In 1973, C.S. “Buzz” Holling published “Resilience and stability of ecological systems.” This ultimately seminal paper, and true paradigm shift, was greeted with a resounding silence, and then skepticism (Holling, personal communication). The skepticism centered upon the lack of evidence for alternative stable states in most systems – due, largely, to a lack of adequate time series data to detect regime shifts. As more data became available, evidence increasingly mounted supporting the existence of alternative states for many ecological—and eventually social—systems. Building upon this increasing acceptance of the concept of resilience, in 1997 Holling (with collaborator Lance Gunderson and others) founded and received significant funding to establish the Resilience Network (currently the Resilience Alliance: https://www.resalliance.org/). The Resilience Network was an early attempt to establish connections among ecologists, social scientists and economists to investigate alternative stable states and the concept of resilience in social-ecological systems.
The Resilience Network (Alliance) was successful and productive, and members and participants have produced a large and influential body of scientific literature, focusing on both theory and practice (Web of Science keyword search on “ecological resilience” returns 140 publications in 1997, and more than 40,000 in 2018). In the early 2000s, the Director of an international NGO addressed the Resilience Alliance and made the following observation: The Resilience Alliance has achieved success, the concept of ecological resilience is largely accepted and is widely known - - but the Alliance no longer owns the ideas or controls the messaging or science of resilience. That observation was accurate. Resilience has exploded as a concept but has also come to mean many different things to different scholars and practitioners. Because the term resilience had a history, especially in psychology and medicine, before Holling coined “ecological resilience”, there has been an undercurrent of confusion between the two primary definitions – that of “bounce back” (resiliency), and that of resilience as an emergent property of systems (ecological resilience). Additionally, the term has become a buzzword, that is often used interchangeably with sustainability. Competing ideas are healthy for scientific progress, but confusion and lack of certainty regarding meaning and intent are not. Both definitions can be reconciled within an ecological resilience framework, because social-ecological systems can bounce back from disturbance. However, bounce back alone fails to account for non-stationarity and thresholds in social-ecological systems. Ecological resilience accounts for social-ecological systems that transition into alternate states, potentially never to return to a previous state, as well as systems that bounce back.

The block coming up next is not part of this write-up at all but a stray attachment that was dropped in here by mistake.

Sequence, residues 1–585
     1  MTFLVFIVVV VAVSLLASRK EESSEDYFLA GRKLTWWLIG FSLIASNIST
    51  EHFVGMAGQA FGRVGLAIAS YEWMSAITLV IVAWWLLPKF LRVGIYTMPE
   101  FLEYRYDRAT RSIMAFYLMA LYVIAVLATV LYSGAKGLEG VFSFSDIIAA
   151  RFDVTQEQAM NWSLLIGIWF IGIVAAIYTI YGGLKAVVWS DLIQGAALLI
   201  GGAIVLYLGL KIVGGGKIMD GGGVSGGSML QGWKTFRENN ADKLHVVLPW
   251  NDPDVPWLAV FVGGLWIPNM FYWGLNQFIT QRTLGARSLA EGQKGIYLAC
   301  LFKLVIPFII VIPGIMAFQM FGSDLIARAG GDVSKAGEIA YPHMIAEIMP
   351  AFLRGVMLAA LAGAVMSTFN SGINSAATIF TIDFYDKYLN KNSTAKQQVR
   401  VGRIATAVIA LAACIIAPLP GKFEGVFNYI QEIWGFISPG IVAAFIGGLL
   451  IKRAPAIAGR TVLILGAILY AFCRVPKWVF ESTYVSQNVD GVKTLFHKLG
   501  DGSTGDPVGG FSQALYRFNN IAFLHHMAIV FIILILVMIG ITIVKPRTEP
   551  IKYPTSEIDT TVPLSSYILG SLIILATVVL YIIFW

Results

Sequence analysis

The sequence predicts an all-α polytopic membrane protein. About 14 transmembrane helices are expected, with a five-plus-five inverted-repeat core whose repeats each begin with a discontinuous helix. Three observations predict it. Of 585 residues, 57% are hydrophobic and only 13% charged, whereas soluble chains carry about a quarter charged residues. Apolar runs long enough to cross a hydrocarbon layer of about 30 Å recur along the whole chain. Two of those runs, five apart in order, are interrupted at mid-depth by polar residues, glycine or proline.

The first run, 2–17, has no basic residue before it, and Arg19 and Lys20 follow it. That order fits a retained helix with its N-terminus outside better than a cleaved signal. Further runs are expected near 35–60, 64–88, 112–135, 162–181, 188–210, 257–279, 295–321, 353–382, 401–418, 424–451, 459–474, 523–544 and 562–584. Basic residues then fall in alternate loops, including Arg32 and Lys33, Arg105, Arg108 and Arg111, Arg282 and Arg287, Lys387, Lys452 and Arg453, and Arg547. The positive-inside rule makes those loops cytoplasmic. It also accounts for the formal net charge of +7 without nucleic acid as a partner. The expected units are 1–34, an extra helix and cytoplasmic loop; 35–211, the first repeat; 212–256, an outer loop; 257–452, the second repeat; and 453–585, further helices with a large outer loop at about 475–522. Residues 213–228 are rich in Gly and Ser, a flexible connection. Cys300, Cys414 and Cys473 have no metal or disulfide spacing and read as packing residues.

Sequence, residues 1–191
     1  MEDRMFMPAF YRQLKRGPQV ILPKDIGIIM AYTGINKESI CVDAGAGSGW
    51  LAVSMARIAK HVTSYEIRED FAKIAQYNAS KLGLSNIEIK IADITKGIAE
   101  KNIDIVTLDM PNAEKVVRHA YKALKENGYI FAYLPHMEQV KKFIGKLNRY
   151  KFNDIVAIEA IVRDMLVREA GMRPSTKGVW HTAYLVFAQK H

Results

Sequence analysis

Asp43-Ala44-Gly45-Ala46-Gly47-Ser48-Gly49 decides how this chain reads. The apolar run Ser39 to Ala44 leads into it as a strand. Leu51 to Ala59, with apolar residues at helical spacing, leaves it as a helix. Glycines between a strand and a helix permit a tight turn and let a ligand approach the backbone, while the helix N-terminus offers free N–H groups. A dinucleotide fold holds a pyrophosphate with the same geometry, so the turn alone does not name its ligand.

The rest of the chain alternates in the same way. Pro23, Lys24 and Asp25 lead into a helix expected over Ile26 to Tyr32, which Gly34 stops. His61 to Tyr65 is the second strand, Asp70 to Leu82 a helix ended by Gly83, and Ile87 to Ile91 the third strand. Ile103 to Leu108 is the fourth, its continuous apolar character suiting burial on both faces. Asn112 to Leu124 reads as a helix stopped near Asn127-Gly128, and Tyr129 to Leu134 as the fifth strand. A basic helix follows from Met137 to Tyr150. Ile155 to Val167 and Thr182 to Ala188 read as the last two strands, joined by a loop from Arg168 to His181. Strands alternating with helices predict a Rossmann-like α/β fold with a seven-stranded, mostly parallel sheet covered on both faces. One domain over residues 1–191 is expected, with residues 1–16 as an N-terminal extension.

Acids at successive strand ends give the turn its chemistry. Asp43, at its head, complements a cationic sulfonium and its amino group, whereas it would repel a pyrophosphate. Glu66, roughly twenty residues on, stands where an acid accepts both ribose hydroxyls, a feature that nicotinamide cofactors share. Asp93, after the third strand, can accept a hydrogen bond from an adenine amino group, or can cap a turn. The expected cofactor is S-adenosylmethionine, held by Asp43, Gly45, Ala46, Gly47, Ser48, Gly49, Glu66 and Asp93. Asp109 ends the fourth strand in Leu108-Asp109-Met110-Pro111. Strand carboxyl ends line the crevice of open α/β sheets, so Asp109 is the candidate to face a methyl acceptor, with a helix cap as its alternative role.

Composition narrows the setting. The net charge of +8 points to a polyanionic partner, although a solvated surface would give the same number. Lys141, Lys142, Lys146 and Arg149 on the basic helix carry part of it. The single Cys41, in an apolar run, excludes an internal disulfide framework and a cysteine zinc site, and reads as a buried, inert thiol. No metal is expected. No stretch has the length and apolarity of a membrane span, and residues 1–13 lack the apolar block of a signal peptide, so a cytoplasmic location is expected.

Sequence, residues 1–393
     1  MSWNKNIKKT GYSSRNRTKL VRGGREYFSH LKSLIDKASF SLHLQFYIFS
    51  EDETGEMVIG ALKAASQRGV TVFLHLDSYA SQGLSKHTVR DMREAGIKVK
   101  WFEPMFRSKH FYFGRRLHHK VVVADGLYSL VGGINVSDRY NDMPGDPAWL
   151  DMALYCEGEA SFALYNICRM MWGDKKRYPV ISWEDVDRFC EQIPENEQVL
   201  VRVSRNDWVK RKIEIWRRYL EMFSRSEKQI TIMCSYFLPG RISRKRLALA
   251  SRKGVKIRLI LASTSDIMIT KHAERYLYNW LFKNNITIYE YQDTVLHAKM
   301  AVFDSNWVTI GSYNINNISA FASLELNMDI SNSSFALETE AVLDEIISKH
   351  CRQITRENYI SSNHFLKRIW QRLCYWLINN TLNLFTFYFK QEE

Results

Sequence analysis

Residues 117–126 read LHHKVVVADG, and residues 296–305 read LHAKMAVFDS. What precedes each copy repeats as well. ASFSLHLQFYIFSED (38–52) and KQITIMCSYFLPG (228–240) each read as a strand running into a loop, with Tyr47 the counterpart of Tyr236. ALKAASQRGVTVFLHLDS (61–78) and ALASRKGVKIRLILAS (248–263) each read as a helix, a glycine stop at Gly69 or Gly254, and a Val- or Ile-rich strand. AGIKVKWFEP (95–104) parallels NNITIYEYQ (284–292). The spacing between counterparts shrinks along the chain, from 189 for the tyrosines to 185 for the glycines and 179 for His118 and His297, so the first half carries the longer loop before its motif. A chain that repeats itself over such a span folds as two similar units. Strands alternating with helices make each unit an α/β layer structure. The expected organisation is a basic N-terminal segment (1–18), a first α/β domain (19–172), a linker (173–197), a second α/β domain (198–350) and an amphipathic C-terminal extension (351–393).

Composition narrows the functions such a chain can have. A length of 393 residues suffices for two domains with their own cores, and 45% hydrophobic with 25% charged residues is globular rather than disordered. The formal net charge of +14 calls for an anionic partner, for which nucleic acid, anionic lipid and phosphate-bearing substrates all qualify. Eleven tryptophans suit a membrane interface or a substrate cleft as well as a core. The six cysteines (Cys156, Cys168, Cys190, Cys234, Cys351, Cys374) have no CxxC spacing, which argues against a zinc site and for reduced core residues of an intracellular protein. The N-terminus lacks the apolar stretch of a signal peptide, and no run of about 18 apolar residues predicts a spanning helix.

Words matter, and theory matters. In our paper (https://www.nature.com/articles/s41893-019-0401-4), we highlighted the differences between ecological resilience and resiliency, and concluded that the two concepts are ultimately reconcilable, with resiliency subsumed within ecological resilience. The core concepts of ecological resilience have withstood the test of time and given rise to novel insights and approaches, that are well suited for dealing with the challenges facing humankind in the face of accelerating environmental change.
- Craig Allen, Brian Chaffin, Ahjond Garmestani